‘Not for the first time the NUT calls on the government to stand back and look at the obvious flaws in the academies and Free Schools programme and stop rushing headlong down this unacceptable route. Education of our children and young people is far too important to make mistakes.’

The University and College Union (UCU) accused the government of ducking further scrutiny of its ‘punitive’ plans for university funding after it added reforms to the student loans system in England to an education bill that is dominated by school reforms.

The UCU said: ‘The bill primarily concerns itself with bad behaviour in the classroom and new powers for teachers to exclude unruly pupils. However, the government has added on legislation that allows variable rates of interest on student loans.’

UCU general secretary, Sally Hunt, said: ‘The general public will see this for what it is – a stealth tax on learning and achievement – and it doesn’t matter what piece of legislation the government tries to hide it in.

‘Sneaking these plans into a schools bill is yet another indication that the government has lost the argument on student funding and is terrified of further scrutiny of such a punitive policy.

‘Graduate unemployment is at a ten-year high, yet the government has introduced policies to increase student debt to record levels and then charge even higher rates of interest. Surely now the government will stop trying to spin these damaging and unfair policies as progressive.’

The GMB union complained that new legislation to give protection to teachers, in cases where they are accused by school pupils of wrong doing, does not provide the same level of protection for school support staff who make up half of the school workforce.

The Education Bill extends the power of school staff to search pupils without consent and also promises teachers anonymity if accused by pupils of wrong doing.

All school staff currently have a legal power to use reasonable force to control or restrain pupils.

Part 3 of the draft legislation introduces restrictions on the public reporting of allegations made against teachers but does not include the restrictions for the school support staff.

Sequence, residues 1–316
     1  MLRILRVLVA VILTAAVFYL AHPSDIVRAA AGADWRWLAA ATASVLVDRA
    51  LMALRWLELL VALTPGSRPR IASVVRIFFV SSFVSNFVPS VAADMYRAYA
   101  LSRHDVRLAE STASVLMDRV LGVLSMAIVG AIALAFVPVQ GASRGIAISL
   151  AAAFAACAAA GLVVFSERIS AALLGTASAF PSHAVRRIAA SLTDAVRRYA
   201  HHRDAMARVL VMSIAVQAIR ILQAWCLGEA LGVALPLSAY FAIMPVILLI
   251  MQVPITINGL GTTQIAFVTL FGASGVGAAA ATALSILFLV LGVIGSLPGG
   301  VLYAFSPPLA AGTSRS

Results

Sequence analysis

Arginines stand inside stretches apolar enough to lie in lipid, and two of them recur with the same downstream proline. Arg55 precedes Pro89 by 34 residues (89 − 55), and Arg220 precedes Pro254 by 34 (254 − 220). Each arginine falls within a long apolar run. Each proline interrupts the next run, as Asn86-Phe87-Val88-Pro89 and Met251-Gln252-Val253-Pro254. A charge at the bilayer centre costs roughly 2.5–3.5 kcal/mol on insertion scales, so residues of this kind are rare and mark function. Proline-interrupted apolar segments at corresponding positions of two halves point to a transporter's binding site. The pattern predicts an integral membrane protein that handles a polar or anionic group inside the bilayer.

GMB National Officer Sharon Holder said: ‘School support staff make up half of the school workforce.

‘This proposed legislation leaves them between a rock and a hard place without the necessary protection afforded to the teachers.

‘These days, school support staff such as Teaching Assistants and Cover Supervisors are often left in sole charge of a class.

‘They will be expected to use these new disciplinary powers, yet they won’t be given the same protection from allegations that teachers will. This is palpably unfair.

‘Staff will rightly be wary of exercising any disciplinary powers unless Michael Gove ensures equal protection for all.

‘GMB call on the government to amend its proposals to include school support staff, otherwise Gove’s discipline revolution could be stopped in its tracks.’

The National Union of Students (NUS) criticised the Education Bill’s inclusion of the rise in interest on tuition fee loans to students.

Aaron Porter, NUS President, said: ‘The government’s misguided approach of forcing higher fees and higher loans is fundamentally flawed, and ministers are now passing considerably higher interest rates onto students before safeguards for students have even been properly discussed and scrutinised.

‘Under the government’s scheme, higher interest rates will hit those students who have to take out fee loans the hardest, whilst wealthier students who do not have to take out loans will escape higher interest charges.’